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  • Howard H. Aiken


    Harvard Mark I / IBM ASCC, left side.Howard Hathaway Aiken (March 8, 1900 – March 14, 1973) was an American physicist and a pioneer in computing, being the original conceptual designer behind IBM's Harvard Mark I computer.

  • Mark I (Computer)


  • Harvard Mark I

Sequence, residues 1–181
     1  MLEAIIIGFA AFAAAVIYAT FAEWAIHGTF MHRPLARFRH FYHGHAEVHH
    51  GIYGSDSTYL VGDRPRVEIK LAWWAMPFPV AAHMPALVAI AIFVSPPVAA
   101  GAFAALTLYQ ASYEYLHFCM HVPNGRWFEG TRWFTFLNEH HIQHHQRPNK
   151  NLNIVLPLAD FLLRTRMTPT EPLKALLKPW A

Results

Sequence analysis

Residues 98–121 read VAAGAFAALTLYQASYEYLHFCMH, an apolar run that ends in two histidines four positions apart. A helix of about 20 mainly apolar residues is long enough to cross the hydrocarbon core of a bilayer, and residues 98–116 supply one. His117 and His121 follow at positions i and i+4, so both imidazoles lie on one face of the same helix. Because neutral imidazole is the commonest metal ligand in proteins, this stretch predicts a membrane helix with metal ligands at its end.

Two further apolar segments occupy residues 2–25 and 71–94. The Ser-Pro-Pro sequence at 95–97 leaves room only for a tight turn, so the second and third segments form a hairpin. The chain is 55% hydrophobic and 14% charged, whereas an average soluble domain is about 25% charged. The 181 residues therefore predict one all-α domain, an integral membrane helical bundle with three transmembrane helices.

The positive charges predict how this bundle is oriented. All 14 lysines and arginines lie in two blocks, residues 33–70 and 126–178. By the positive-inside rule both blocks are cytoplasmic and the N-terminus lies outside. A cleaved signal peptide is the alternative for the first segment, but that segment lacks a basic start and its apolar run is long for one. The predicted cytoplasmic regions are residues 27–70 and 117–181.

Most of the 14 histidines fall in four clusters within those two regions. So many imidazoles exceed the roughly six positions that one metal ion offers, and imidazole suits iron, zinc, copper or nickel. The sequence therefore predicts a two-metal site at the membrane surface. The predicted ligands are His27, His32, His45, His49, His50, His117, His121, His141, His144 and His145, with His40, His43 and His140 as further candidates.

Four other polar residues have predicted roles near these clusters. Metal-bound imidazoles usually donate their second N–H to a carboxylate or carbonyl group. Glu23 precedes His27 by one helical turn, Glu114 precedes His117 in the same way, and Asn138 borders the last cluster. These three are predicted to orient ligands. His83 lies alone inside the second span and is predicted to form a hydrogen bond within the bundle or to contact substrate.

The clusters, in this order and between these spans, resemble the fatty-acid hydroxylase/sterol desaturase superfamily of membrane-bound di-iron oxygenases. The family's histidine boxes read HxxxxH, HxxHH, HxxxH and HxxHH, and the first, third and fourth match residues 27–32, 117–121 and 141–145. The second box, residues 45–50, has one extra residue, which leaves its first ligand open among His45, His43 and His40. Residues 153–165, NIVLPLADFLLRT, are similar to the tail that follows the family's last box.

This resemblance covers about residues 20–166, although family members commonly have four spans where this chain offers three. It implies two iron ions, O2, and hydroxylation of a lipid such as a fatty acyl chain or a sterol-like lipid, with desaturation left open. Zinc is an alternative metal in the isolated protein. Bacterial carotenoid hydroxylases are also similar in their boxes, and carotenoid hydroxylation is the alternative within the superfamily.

The left end consisted of electromechanical computing components The right end included data and program readers, and automatic typewriters Closeup of input/output and control readers The IBM Automatic Sequence Controlled Calculator (ASCC), called Mark I by Harvard University’s staff, was a general purpose electromechanical computer that was used in the war effort during the last part of World War II. One of the first programs to run on the Mark I was initiated on 29 March 1944 by John von Neumann. At that time, von Neumann was working on the Manhattan project, and needed to determine whether implosion was a viable choice to detonate the atomic bomb that would be used a year later. The Mark I also computed and printed mathematical tables, which had been the initial goal of British inventor Charles Babbage for his "analytical engine". The Mark I was disassembled in 1959, but portions of it are displayed in the Science Center as part of the Harvard Collection of Historical Scientific Instruments. Other sections of the original machine were transferred to IBM and the Smithsonian Institution.

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